Banish the Bags Under Your Eyes
Tired of being told you look tired? Here’s how to get rid of eye bags, puffiness, dark shadows, and circles.
By Shelley Levitt, April 2012
Reviewed byHansa D. Bhargava, MD
Bags or dark circles under your eyes can make you look exhausted after a solid eight hours of sleep; stressed while you’re in the middle of a yoga class. Where once people commented that your eyes were the color of the sky, the sea, caramels, or butterscotch, now all they say is, “Tough night?”
Dermatologists and plastic surgeons say that laments about under-eye baggage are common. “I hear patients voice complaints several times a day,” says Valerie Goldburt, MD, PhD, a clinical assistant professor of dermatology at NYU Langone Medical Center.
Brent Moelleken, MD, a Beverly Hills plastic surgeon, agrees. “Under-eye issues are a huge concern for patients,” he says, “because they make you look older and they make you look tired.”
People often don’t make the distinction, Goldburt says, between pouches, puffiness, bags, and shadows. They just know they don’t like what they see.�
There are new fixes for under-eye flaws — and old ones that still work. The first step, however, is figuring out just what the problem is.
Morning-After Puffy Eyes
“We have the thinnest skin around our eyes, so it’s the area that’s most influenced by the in-and-out flow of fluids,” Goldburt says.
A dinner heavy with salty food or a night of crying while watching a tearjerker movie can also cause morning-after puffiness. The reason is osmosis. “Water always travels from areas in the body where there’s low salt concentration to tissues where there’s more salt, Goldburt explains. That principle holds true whether the salt comes from tears or from soy sauce.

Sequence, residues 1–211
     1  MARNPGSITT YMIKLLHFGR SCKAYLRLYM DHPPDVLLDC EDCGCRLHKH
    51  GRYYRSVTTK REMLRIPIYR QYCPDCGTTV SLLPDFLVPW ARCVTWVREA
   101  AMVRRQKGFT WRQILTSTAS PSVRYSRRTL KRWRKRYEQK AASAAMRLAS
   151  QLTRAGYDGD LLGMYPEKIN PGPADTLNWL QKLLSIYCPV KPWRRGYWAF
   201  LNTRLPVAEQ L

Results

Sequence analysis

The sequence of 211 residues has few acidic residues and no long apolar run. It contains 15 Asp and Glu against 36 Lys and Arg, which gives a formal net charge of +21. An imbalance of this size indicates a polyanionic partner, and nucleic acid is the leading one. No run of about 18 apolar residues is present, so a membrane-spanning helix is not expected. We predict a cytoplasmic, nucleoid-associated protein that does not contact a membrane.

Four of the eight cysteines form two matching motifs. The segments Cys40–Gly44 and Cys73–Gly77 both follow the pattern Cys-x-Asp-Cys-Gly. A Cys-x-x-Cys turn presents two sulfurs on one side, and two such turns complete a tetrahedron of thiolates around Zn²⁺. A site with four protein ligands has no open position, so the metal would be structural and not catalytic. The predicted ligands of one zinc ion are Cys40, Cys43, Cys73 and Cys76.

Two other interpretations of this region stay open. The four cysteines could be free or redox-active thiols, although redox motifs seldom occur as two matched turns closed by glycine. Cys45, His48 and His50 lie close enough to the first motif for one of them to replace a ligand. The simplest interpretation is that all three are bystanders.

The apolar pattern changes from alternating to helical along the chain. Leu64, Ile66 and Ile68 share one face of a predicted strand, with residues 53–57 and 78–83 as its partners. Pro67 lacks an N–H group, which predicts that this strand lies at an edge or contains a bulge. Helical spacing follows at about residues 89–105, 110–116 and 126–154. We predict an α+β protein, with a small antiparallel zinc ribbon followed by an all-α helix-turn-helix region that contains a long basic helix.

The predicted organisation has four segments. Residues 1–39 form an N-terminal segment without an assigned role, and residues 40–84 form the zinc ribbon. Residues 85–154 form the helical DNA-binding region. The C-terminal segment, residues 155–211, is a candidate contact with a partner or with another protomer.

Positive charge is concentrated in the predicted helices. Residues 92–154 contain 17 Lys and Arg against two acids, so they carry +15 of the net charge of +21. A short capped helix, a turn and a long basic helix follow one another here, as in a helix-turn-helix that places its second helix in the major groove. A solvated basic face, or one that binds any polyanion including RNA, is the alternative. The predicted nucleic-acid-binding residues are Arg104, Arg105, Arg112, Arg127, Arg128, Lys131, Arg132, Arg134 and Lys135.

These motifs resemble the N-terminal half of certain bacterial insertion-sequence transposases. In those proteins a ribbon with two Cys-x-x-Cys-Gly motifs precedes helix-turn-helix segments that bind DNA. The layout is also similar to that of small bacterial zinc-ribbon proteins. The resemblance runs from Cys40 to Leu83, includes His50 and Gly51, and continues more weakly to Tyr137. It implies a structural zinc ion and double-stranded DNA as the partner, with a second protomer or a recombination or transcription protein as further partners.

Simple Fixes for Under-Eye Bags
Addressing the underlying cause will help treat these temporary eruptions of puffiness.
Here are steps to try:
- Treat hay fever, if that’s the problem. There are non-sedating, over-the-counter allergymedications that may help. If you have or suspect hay fever, talk with your doctor about how to treat it (whether or not it’s affecting your eyes’ appearance).
- Try a neti pot. Irrigating the nasal cavity with a neti pot — a traditional device that looks like a small teapot — can help relieve fluid buildup caused by allergies, sinus congestion, or a cold.
- Switch your sleep position. Your sleep position may be contributing to under-eye bags. Thanks to gravity, sleeping on your side or stomach can encourage fluids to collect under your eyes. If you’re a side sleeper, you may notice a heavier bag on the side you sleep on. Goldburt advises her patients who wake up with puffy eyes to sleep on their back and add an extra pillow under their head.